Church History

May 18, 2015  (Source: http://irisharchaeology.ie)

This gilt bronze plaque is one of the earliest surviving representations of the Crucifixion in Ireland (Wallace 2000, p. 39). Most likely 8th century in date, is was discovered at St. John’s, Rinnegan, Co. Roscommon sometime during the 19th century. It depicts a beardless Christ, who is flanked by the Roman soldiers Longinous and Stephaton, while a pair of angels hover around Jesus’ head. The artefact is covered in a variety of decorative motifs, with spirals and interlace patterns being utilised to great effect. It was made by hammering a bronze sheet from behind, to form the raised figures, while the ornamentation was added by engraving and chasing (Harbison 1984, p. 1).

The presence of at least four small rivet holes suggest that the plaque was originally attached to an object, possibly a book cover, a composite shrine or a wooden cross. A piece of exceptional craftsmanship, the plaque may have been manufactured at the great Early Christian monastery of Clonmacnoise, which is located just 15 miles to the south of Rinnegan.

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May 18, 2015

8th Century Irish Crucifixion Plaque from County Roscommon

May 18, 2015  (Source: http://irisharchaeology.ie) This gilt bronze plaque is one of the earliest surviving representations of the Crucifixion in Ireland (Wallace 2000, p. 39). Most likely […]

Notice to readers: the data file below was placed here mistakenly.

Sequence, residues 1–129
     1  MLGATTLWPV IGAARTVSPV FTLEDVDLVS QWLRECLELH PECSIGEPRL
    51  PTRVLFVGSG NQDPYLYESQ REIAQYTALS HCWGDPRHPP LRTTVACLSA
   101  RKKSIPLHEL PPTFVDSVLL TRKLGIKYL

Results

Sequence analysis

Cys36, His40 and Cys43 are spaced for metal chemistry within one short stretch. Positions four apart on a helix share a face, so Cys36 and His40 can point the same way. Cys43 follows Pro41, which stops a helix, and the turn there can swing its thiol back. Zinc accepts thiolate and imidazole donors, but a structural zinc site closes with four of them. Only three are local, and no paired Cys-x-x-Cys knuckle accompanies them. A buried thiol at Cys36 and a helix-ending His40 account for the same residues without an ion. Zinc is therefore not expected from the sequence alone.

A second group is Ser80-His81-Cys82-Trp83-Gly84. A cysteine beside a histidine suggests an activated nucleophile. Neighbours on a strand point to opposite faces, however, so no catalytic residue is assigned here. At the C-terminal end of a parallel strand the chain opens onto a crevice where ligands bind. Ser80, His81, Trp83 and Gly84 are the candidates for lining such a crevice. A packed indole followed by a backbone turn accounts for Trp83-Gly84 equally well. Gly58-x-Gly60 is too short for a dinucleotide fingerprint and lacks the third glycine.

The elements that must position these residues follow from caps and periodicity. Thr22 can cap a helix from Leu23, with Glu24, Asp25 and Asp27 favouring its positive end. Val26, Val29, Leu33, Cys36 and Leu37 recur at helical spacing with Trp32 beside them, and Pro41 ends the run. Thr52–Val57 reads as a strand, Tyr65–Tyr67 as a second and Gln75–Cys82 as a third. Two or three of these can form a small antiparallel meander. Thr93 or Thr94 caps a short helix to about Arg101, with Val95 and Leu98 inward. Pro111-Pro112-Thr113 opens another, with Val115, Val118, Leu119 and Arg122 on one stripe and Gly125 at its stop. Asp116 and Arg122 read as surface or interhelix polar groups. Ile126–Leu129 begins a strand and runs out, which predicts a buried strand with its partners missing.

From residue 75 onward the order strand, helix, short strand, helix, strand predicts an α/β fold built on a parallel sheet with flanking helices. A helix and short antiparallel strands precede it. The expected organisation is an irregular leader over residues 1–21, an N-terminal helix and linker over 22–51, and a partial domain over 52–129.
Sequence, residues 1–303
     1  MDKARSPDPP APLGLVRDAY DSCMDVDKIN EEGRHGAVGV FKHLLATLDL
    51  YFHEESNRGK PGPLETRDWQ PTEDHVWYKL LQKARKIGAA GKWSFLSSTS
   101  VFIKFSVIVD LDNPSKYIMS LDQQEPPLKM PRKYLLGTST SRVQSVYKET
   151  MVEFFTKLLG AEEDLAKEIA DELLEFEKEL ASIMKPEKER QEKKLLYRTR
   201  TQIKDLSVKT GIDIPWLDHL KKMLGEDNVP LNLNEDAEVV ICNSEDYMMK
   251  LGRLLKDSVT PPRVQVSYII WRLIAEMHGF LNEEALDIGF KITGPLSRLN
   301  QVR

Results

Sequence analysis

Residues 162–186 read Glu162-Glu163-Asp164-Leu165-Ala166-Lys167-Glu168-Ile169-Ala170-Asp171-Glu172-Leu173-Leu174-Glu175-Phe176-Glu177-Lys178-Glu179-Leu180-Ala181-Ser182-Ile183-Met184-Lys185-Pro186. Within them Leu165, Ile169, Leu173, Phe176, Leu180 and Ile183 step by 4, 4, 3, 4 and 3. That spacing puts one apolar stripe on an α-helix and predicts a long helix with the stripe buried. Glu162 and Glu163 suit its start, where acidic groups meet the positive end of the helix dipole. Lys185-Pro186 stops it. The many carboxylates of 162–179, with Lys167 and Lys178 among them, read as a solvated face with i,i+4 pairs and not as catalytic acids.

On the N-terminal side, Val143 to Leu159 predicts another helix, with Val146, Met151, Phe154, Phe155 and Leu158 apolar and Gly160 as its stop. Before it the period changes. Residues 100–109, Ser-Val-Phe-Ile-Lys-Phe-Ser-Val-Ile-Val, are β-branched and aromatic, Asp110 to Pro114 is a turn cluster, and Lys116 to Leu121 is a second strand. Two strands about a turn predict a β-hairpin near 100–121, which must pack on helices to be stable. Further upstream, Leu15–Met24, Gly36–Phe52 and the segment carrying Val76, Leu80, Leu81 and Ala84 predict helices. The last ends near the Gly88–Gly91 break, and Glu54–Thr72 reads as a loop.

May 16, 2015

5th Century Cross Discovered in Early Basilica in Bulgaria

May 16, 2015 Originally reported on March 2 Bulgarian archaeologists have discovered a large bronze cross during excavations in an Early Christian basilica in the ancient city […]
May 16, 2015

Metropolitan Macarius of Moscow on the Particular Judgment and Toll-Houses

May 16, 2015 Metropolitan Macarius of Moscow 1816-1882 “Orthodox Dogmatic Theology” v.II, pp. 526-538 § 249. Reality of the Particular Judgment The doctrine that, upon the death […]
March 27, 2015

Charlemagne and the Western Schism by Vladimir Moss

March 27, 2015  (Source: http://www.orthodoxchristianbooks.com) For centuries, and in spite of the intermittent expression of papist ideas, the Roman Papacy had seen itself as part of the […]